I think it is likely that your accountant is correct and that he is referring to an employee reimbursement for the private use of the motor vehicle by him.  In so doing, there is no FBT payable on the Ford Territory SUV.  In determining this amount the Accountant has either used the Statutory Formula or applied the operating cost method by using a logbook.

Question 23

A public benevolent institution owns a number of dual-cab utility vehicles which are mainly used for business purposes.  Staff who are in charge of these vehicles also use these for private purposes over and above commuting to and from work and over and above incidental private use.  The PBI holds an exemption from some taxes including an exemption from FBT.  Should the private usage of these vehicles over and above incidental private use and home-to-work commuting be declared as a Fringe Benefit?  The relevant staff also makes a financial contribution to the PBI for use of the vehicles via a pay deduction each fortnight.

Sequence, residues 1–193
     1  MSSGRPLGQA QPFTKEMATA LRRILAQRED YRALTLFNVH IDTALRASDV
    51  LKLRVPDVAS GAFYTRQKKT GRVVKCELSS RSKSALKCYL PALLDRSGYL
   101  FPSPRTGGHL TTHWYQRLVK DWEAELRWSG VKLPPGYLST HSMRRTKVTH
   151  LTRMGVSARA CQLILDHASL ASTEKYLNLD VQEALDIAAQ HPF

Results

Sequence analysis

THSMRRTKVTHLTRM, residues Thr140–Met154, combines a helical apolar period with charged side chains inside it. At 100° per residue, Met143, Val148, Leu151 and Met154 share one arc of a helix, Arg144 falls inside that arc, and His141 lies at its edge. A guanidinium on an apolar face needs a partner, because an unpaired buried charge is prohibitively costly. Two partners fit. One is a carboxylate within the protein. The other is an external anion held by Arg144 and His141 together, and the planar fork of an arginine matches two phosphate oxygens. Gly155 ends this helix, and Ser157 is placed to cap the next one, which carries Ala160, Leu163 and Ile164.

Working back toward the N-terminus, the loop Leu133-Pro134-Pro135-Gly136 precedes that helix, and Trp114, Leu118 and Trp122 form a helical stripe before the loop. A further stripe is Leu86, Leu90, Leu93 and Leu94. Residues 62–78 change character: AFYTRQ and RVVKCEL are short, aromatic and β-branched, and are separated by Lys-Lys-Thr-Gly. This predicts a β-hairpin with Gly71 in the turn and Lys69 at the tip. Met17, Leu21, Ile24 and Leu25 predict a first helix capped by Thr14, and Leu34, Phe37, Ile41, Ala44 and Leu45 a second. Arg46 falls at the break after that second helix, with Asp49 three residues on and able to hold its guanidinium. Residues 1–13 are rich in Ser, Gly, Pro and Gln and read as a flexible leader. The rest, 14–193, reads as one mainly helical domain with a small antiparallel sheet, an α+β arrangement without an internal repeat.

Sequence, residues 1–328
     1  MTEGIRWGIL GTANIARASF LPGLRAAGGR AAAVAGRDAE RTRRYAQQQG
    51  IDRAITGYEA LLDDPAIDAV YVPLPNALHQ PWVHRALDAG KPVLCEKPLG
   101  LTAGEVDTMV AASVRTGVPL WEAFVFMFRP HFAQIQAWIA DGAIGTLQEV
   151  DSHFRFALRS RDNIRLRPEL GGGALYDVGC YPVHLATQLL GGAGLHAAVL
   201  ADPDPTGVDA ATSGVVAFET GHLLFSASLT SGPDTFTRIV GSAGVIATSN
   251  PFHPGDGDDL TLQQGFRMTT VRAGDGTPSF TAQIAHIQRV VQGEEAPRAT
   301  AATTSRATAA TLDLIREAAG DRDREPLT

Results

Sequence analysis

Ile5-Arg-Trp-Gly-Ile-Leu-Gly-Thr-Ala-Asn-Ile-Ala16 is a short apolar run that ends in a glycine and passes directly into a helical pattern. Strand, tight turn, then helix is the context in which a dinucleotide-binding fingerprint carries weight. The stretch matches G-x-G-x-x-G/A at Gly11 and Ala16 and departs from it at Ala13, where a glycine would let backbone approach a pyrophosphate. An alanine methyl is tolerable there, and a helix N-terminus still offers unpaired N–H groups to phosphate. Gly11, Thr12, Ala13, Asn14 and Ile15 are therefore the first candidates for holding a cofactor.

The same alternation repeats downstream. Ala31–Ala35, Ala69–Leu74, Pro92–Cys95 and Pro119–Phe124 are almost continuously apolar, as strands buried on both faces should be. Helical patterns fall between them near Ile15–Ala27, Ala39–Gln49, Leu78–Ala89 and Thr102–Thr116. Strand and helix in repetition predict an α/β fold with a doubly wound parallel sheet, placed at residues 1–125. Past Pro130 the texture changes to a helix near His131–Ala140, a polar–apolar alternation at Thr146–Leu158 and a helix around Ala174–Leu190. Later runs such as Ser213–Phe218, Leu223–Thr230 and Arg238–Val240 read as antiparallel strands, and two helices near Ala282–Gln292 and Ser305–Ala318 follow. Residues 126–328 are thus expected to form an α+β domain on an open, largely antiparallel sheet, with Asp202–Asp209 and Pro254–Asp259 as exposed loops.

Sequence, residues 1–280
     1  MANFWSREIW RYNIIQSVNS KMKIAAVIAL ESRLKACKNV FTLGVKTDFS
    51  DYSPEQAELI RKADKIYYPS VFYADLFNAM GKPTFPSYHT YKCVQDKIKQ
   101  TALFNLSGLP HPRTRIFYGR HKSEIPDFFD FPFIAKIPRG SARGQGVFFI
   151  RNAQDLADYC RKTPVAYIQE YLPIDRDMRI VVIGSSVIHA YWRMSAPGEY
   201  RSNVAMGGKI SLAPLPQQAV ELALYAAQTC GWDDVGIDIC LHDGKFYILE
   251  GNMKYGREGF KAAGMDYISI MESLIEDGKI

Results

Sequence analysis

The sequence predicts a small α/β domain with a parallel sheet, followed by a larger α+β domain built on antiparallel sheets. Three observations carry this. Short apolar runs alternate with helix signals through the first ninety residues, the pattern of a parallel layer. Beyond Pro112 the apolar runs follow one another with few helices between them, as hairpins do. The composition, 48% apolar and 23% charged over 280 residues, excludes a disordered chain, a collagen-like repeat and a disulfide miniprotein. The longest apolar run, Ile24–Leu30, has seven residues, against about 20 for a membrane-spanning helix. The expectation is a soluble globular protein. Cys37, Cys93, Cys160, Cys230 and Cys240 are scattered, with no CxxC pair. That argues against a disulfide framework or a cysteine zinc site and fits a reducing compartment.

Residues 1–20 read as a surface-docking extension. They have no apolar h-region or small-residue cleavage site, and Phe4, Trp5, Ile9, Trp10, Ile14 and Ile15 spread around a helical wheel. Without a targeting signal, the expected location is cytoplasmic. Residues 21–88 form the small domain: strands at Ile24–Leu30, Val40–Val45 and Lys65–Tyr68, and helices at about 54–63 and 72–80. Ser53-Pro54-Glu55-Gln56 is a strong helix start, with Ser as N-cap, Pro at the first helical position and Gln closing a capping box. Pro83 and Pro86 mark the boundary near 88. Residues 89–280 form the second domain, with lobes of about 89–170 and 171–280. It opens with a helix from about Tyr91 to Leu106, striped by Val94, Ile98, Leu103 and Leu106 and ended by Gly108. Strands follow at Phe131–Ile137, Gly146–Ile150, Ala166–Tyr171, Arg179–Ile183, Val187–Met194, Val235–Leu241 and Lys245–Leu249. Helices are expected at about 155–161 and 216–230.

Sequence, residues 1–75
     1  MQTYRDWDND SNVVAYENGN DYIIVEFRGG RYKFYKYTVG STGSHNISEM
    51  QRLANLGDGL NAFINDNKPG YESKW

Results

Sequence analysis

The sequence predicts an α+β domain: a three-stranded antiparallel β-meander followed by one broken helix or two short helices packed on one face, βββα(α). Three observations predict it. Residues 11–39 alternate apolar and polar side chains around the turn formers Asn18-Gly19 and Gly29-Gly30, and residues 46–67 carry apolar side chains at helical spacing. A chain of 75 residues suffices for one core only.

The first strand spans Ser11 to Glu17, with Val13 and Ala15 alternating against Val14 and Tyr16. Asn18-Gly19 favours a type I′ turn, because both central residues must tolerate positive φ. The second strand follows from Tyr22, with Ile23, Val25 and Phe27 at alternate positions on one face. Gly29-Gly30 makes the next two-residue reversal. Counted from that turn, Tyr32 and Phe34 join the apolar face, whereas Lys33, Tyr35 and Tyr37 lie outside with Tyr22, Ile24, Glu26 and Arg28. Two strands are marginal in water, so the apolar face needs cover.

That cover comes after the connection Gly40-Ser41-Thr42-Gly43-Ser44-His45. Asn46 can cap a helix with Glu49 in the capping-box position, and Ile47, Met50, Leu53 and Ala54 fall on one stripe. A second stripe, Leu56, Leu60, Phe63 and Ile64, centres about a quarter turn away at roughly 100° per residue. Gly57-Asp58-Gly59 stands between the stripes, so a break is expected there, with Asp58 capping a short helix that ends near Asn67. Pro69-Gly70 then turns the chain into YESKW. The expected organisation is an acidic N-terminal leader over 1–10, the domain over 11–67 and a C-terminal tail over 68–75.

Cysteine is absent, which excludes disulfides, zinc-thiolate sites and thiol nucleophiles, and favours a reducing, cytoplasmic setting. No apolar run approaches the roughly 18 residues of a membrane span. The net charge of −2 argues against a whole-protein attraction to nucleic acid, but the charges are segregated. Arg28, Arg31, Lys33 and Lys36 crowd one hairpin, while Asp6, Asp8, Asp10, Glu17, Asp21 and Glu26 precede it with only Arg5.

Employees of PBI’s normally receive fringe benefits of up to $30,000 (grossed up) as part of their employment.

As long as the financial contribution covers the limited private use there should not be an FBT issue.

However, be aware that ATO has signaled practices may be changing on these vehicles and we will keep subscribers informed.

Travel in certain vehicles that are designed mainly as work vehicles is exempt if the travel is work-related and any other private use by the employee or associate is “minor, infrequent, and irregular.”  There is not a great deal of guidance on the meaning of ‘minor, infrequent, and irregular.’  If the employee being provided with an eligible work vehicle does not have access to another form of transportation for private use, it is difficult to establish that any private use in the eligible work vehicle is only ‘minor, infrequent, and irregular.’